I'm parsing a file like this:
--header-- data1 data2 --header-- data3 data4 data5 --header-- --header-- ...
And I want groups like this:
[ [header, data1, data2], [header, data3, data4, data5], [header], [header], ... ]
so I can iterate over them like this:
for grp in group(open('file.txt'), lambda line: 'header' in line): for item in grp: process(item)
and keep the detect-a-group logic separate from the process-a-group logic.
But I need an iterable of iterables, as the groups can be arbitrarily large and I don't want to store them. That is, I want to split an iterable into subgroups every time I encounter a "sentinel" or "header" item, as indicated by a predicate. Seems like this would be a common task, but I can't find an efficient Pythonic implementation.
Here's the dumb append-to-a-list implementation:
def group(iterable, isstart=lambda x: x): """Group `iterable` into groups starting with items where `isstart(item)` is true. Start items are included in the group. The first group may or may not have a start item. An empty `iterable` results in an empty result (zero groups).""" items =  for item in iterable: if isstart(item) and items: yield iter(items) items =  items.append(item) if items: yield iter(items)
It feels like there's got to be a nice
itertools version, but it eludes me. The 'obvious' (?!)
groupby solution doesn't seem to work because there can be adjacent headers, and they need to go in separate groups. The best I can come up with is (ab)using
groupby with a key function that keeps a counter:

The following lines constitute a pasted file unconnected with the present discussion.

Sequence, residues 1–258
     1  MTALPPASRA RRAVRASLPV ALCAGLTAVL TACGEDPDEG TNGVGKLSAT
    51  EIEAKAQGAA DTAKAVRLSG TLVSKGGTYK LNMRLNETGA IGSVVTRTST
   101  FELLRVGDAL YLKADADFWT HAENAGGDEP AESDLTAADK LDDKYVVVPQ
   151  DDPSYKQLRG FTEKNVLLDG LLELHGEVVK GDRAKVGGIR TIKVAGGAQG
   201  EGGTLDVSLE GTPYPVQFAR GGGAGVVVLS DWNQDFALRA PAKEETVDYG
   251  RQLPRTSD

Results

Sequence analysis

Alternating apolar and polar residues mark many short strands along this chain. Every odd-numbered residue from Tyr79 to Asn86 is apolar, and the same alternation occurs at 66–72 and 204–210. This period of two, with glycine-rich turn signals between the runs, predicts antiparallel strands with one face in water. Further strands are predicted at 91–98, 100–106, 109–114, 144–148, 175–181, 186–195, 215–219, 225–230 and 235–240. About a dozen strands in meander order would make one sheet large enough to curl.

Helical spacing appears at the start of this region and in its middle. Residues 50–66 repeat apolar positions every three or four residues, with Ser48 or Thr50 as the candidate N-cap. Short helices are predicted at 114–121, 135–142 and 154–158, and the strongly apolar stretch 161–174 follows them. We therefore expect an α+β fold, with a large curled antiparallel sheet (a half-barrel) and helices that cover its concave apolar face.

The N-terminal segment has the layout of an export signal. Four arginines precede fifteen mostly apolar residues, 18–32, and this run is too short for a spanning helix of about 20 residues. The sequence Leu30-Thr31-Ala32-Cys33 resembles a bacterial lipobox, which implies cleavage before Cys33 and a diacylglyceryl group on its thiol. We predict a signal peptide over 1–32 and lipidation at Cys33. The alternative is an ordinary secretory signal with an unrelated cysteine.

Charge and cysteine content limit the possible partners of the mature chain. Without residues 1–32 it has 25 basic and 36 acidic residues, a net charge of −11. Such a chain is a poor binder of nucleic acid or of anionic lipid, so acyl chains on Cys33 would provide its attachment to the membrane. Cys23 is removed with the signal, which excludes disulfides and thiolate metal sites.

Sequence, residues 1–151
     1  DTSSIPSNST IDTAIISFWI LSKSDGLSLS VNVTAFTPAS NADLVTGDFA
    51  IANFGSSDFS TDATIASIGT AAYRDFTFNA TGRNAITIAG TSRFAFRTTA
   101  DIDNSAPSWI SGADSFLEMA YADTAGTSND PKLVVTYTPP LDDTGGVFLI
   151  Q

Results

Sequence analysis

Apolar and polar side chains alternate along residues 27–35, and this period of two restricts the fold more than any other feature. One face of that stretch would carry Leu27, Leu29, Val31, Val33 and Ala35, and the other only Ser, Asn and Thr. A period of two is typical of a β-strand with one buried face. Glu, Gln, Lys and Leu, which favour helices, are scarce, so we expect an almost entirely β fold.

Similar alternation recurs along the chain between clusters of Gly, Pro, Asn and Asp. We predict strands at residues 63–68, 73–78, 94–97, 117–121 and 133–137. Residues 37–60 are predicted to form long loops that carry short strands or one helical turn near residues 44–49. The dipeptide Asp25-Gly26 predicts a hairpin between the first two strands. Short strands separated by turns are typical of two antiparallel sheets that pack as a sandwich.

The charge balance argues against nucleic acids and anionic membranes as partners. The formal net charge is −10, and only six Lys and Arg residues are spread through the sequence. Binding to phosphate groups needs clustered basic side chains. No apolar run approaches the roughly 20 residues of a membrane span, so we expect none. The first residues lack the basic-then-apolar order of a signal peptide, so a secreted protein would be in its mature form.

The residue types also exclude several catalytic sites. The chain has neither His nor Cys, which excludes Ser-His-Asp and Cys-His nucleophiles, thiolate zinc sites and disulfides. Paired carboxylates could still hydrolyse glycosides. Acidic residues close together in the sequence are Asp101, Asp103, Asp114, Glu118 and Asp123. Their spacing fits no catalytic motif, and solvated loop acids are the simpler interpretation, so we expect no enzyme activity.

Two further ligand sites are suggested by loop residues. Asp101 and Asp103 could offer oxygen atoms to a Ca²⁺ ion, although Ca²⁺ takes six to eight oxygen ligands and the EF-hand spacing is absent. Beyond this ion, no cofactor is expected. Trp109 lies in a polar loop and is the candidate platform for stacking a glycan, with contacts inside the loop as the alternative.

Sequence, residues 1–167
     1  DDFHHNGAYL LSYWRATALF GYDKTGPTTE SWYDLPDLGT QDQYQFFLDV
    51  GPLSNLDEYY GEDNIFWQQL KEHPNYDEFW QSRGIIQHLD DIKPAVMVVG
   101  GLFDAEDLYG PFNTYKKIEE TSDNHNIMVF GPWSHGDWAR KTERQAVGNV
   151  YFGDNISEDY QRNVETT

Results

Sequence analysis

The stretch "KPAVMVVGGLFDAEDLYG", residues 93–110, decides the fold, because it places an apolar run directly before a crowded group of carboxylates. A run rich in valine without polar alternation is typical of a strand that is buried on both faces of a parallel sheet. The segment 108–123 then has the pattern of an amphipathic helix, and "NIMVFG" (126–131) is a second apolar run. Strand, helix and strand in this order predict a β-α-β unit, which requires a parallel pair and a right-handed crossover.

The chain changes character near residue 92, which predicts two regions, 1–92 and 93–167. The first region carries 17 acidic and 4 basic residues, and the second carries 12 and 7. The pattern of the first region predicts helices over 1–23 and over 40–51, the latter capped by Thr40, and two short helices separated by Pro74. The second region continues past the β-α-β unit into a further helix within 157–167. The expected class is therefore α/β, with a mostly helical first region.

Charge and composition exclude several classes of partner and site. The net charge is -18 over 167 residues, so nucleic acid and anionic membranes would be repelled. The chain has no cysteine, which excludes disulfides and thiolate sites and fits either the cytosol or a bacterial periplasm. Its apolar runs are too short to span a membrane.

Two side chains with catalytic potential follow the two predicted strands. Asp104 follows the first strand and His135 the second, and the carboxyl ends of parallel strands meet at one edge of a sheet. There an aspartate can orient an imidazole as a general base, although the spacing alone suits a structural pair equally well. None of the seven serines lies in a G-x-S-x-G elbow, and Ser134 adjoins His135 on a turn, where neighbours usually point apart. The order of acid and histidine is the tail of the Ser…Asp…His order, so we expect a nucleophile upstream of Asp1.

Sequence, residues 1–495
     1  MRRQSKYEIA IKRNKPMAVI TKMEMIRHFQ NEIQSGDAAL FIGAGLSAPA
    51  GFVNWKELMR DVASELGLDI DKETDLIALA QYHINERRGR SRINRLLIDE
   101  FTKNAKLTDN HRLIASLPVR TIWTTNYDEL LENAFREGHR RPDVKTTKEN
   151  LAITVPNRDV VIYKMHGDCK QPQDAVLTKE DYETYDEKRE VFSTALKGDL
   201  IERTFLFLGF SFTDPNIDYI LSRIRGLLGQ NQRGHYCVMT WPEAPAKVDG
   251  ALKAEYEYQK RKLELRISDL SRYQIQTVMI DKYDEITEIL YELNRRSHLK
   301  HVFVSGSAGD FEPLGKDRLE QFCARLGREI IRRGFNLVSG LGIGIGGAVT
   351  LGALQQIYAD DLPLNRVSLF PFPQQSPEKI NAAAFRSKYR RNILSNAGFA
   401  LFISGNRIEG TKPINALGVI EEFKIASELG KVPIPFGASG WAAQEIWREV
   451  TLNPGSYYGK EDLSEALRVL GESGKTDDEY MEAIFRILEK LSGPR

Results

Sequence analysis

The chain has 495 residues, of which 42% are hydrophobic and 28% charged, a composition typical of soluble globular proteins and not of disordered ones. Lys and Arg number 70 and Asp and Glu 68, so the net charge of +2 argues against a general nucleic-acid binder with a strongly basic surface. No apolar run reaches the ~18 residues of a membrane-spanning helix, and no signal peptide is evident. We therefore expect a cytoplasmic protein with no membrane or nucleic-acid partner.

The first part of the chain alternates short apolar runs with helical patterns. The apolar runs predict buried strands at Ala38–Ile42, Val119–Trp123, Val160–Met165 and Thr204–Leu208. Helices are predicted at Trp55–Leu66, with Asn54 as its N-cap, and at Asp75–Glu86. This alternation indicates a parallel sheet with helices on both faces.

def igroup(iterable, isstart=lambda x: x): def keyfunc(item): if isstart(item): keyfunc.groupnum += 1 # Python 2's closures leave something to be desired return keyfunc.groupnum keyfunc.groupnum = 0 return (group for _, group in itertools.groupby(iterable, keyfunc))
But I feel like Python can do better -- and sadly, this is even slower than the dumb list version:
# ipython %time deque(group(xrange(10 ** 7), lambda x: x % 1000 == 0), maxlen=0) CPU times: user 4.20 s, sys: 0.03 s, total: 4.23 s %time deque(igroup(xrange(10 ** 7), lambda x: x % 1000 == 0), maxlen=0) CPU times: user 5.45 s, sys: 0.01 s, total: 5.46 s
To make it easy on you, here's some unit test code:
class Test(unittest.TestCase): def test_group(self): MAXINT, MAXLEN, NUMTRIALS = 100, 100000, 21 isstart = lambda x: x == 0 self.assertEqual(next(igroup(, isstart), None), None) self.assertEqual([list(grp) for grp in igroup( * 3, isstart)], [] * 3) self.assertEqual([list(grp) for grp in igroup( * 3, isstart)], [ * 3]) self.assertEqual(len(list(igroup([0,1,2] * 3, isstart))), 3) # Catch hangs when groups are not consumed for _ in xrange(NUMTRIALS): expected, items = itertools.tee(itertools.starmap(random.randint, itertools.repeat((0, MAXINT), random.randint(0, MAXLEN)))) for grpnum, grp in enumerate(igroup(items, isstart)): start = next(grp) self.assertTrue(isstart(start) or grpnum == 0) self.assertEqual(start, next(expected)) for item in grp: self.assertFalse(isstart(item)) self.assertEqual(item, next(expected))
So: how can I subgroup an iterable by a predicate elegantly and efficiently in Python?